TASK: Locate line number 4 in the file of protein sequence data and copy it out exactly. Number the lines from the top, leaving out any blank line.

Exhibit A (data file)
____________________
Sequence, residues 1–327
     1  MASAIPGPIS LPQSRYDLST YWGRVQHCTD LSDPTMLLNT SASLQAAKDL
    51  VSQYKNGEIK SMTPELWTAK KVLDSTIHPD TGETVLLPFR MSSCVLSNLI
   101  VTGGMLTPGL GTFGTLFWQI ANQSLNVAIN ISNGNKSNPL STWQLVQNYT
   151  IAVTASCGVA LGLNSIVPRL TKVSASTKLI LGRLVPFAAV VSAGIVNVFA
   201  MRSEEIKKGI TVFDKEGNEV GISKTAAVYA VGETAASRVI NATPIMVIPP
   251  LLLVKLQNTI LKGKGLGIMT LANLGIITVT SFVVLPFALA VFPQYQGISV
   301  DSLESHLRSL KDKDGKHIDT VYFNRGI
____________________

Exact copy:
   101  VTGGMLTPGL GTFGTLFWQI ANQSLNVAIN ISNGNKSNPL STWQLVQNYT